When budgeting, don’t be afraid to contribute to your retirement accounts right now, as long as you have your debts paid down and you have an emergency fund in place.  I am a big proponent of Dave Ramsey’s investing philosophy, and I am grateful that I educated myself on financial wellness and dug myself out of what once seemed like a desperate situation.  It was only after I had paid off all of my credit cards and established an emergency fund back in 2013 that I began aggressively started putting money aside for retirement.

Source: 123rf.com
Image ID : 129764462
Copyright : Romolo Tavani

 

The fact is, we are living in uncertain times and need to be prepared for whatever hits.  By buttressing our financial health, getting creative with income streams, and following a budget, we will be better equipped to survive the ebb and flow of the current economy.

A True Survivor

Source: 123rf.com
Image ID : 27613551
Copyright : guita22

Now that we are all settling into a new normal with the global COVID-19 pandemic and lockdown, I’m almost thankful that I grew up in a poor household.  Because I saw my mom struggle to make ends meet as a single mother, I learned some valuable lessons about how to brave any storm.

As soon as the wave of panic and dread began to sweep across the globe amid COVID-19 concerns, my survival instinct kicked up big time. I began hunkering down, planning a strategy, a game plan.  I turned to my childhood comfort food, white rice (I limit my current consumption to a small amount of jasmine rice) to stretch out my meals, a trick I knew all too well from my childhood.

What really surprised me was how a number of extremely wealthy people I know completely buckled under the pressure, lost all their coping mechanisms, and allowed their businesses to evaporate because they didn’t want to think outside the box and re-strategize.  It was astonishing how the same people who used to intimidate me and make me feel inadequate were so quick to give up.  All the shiny things don’t matter when one suddenly has to think about how to keep a roof over one’s head and put food on the table.  Food, shelter, and essential items will always be more important than driving a fancy car or buying designer clothing.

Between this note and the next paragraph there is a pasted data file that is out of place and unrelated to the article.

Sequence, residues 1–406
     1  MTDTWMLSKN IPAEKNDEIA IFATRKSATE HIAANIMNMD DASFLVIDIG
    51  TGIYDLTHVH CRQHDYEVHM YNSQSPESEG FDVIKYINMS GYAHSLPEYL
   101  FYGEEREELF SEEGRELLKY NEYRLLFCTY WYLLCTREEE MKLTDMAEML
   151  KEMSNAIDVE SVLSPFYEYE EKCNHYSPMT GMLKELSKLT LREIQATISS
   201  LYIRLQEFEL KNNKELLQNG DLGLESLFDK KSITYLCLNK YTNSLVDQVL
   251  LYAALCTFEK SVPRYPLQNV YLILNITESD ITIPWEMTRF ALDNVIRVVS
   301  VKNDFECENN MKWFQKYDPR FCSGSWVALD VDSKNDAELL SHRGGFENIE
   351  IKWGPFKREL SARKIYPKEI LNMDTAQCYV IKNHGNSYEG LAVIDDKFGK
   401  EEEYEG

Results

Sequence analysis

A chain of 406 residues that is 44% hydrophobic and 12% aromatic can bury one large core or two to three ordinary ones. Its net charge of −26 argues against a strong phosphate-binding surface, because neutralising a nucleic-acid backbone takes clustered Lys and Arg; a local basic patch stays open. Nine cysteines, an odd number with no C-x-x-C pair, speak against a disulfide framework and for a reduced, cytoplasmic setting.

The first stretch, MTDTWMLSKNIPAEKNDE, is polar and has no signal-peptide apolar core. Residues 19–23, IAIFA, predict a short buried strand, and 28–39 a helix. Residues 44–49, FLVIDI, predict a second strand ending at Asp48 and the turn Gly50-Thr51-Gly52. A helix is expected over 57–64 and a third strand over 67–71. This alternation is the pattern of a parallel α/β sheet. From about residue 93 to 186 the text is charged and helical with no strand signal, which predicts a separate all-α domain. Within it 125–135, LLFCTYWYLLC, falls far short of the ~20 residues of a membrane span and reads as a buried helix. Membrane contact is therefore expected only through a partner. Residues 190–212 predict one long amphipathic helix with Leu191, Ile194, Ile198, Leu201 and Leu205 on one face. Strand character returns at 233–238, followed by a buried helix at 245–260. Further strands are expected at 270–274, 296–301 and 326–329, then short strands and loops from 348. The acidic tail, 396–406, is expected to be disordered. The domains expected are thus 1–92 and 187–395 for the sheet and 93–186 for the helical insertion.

Everything has shifted profoundly, permanently on this planet, and we are all being forced to pay attention and shift our priorities.  We miss the people we cannot see in person, which hopefully means that we will hold higher value for those friendships and bonds.  If mankind is being forced to reinvent itself, then let’s get this done!

Enough With The Retirement Talk!

Copyright: pinkomelet

Almost every time I look at my computer these days, I’ll see at least one featured article on Yahoo! which discusses retirement.  I’m not exaggerating when I say it happens almost daily, and it’s making me mental.  

I know the population is aging, and that baby boomers and GenX’ers are trying to prepare and plan for their golden years, but this is getting ridiculous.  The media and the internet have unabashedly latched onto the subject, and now there is a constant barrage of anxiety-provoking articles with headlines and titles such as: 

Do you have what you will need to retire?

Are you prepared for your golden years? 

Beware of the pitfalls of investing in an IRA

Watch out for these “retirement killers” 

I’ll read one article which sets me at ease, because I am on track with what it says I need to do.  Then the next day I’ll read an article which either contradicts what I read the previous day, or which has such a doomsday vibe that it basically states that almost everyone is in danger of not having enough money to ever retire.  Does this mean that we will all be living under freeway overpasses, eating dog food?  

Honestly, all these articles seem to do is to stir up worry which affects how I function throughout the day.  And though I can try to let it go, the next day another article will appear which will wash away my feelings of security and accomplishment regarding my retirement portfolio.   

Who else has noticed this trend?

Understanding The Costs Of Diabetes Treatment And Planning For The Future

Original post can be found at:
https://www.thesimpledollar.com/understanding-the-costs-of-diabetes-treatment-and-planning-for-the-future/


by DeVonne Goode
Updated on 06.05.18

Diabetes is a prevalent disease. However, it can still take many by surprise, and leave them struggling to pay medical bills.
With the complexities of the condition and the wide range of costs involved with treatment, having a financing plan is necessary. Health insurance is obviously one of the primary methods of assistance. But not everyone has the adequate coverage to cover
the costs – let alone the out-of-pocket cash to put on the counter every time out.

Opening a savings account, particularly one with high interest, could be a worthwhile investment toward consistently managing the disease today and into the future.

Diabetes at a glance
Type 1 Diabetes

A condition that keeps the body from producing enough insulin. Insulin shots are used to control blood glucose levels. Most diagnosis occur among children and young adults, which is why it is also referred to as juvenile diabetes.